The Connecticut Catholic Public Affairs Conference delivered 21,000 signatures Monday to the legislature’s Judiciary Committee co-chairs.
The signatures were in opposition to aid-in-dying legislation, which the church believes is more aptly defined as physician-assisted suicide. The legislation would allow patients with less than six months to live to seek a doctor’s help to end their lives.
Michael Culhane, executive director of the Catholic conference, said end-of-life issues are always difficult, but “pallative care is the way to go.”
A similar bill was defeated in the Public Health Committee in 2013 and 2014. This year is the first year it’s before the Judiciary Committee for an initial vote. The committee has two weeks to act on it before its deadline.
“I think if they had the votes in 2013 and 2014 they would have called the bill,” Culhane said. “It died in committee both years.”
Culhane said he doesn’t believe the Judiciary Committee has the votes to move the legislation forward.
Tim Appleton, Connecticut campaign manager of Compassion & Choices, a nonprofit organization committed to giving people choices at the end of their lives, said the Connecticut public supports “end of life choice.”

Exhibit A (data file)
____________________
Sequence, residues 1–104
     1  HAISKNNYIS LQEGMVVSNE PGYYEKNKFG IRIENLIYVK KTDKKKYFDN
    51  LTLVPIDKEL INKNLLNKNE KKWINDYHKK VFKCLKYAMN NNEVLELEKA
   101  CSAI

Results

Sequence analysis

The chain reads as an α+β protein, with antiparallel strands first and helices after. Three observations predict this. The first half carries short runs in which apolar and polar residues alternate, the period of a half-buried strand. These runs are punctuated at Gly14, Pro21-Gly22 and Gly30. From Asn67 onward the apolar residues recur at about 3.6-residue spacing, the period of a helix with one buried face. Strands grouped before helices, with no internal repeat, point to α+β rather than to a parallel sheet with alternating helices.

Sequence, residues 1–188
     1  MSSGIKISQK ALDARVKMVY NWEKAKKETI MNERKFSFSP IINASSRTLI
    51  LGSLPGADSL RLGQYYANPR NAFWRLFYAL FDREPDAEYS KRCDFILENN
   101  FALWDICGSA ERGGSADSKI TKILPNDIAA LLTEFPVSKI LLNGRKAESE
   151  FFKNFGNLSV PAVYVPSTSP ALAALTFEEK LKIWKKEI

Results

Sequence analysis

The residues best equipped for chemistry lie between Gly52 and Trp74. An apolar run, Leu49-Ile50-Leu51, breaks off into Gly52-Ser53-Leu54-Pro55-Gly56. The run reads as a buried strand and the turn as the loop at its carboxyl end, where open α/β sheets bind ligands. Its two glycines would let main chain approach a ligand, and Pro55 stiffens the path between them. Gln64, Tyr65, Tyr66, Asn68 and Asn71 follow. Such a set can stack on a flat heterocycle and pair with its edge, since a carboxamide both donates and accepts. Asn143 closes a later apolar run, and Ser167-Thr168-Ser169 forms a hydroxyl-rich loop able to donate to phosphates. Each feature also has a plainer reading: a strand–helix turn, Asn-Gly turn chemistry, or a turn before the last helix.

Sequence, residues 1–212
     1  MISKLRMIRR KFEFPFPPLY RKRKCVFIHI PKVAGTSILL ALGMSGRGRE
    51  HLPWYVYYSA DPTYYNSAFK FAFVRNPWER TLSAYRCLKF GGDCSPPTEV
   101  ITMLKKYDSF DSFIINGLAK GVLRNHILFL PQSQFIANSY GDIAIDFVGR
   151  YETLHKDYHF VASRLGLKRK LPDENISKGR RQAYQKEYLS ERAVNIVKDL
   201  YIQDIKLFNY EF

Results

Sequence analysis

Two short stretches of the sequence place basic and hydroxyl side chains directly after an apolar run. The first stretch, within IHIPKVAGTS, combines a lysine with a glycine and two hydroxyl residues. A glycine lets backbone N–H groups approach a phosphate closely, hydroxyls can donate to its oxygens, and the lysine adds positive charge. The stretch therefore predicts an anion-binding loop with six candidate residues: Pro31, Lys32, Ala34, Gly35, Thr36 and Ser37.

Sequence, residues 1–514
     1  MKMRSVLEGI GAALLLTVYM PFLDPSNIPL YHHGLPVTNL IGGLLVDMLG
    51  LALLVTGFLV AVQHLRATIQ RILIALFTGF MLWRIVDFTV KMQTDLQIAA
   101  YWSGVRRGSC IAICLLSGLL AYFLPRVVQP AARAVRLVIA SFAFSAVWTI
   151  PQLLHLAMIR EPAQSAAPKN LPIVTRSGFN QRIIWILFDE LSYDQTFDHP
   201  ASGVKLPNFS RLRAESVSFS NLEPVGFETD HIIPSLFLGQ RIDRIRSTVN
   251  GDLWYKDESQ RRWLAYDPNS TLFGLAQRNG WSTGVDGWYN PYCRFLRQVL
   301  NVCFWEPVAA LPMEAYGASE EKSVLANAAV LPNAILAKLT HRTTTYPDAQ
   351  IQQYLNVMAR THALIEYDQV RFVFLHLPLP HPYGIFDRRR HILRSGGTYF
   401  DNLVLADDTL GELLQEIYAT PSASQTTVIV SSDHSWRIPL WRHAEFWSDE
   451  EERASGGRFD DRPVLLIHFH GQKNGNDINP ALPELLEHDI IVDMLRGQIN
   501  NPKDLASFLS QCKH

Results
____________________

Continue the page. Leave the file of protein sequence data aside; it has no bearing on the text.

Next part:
He said he has great confidence that legislation will eventually pass because the fundamentals of the debate have not changed.
“The more we continue to educate members of the public and legislators about the issue, the more support we have,” Appleton said Monday in a phone interview.
Appleton pointed to a Quinnipiac University poll, which found support for legislation that would allow a doctor to prescribe lethal drugs to help a terminally ill patient end his or her life. The poll found 63 percent of voters support the concept, even among voters over the age of 55.
Opponents say support for the measure declines dramatically when the word “suicide” is added to the question.
“It does not matter how many church lobbyists deliver petitions; the people of Connecticut support aid in dying and the church will be on the wrong side of history, again,” Appleton said.
The Judiciary Committee has two more weeks to act on the legislation.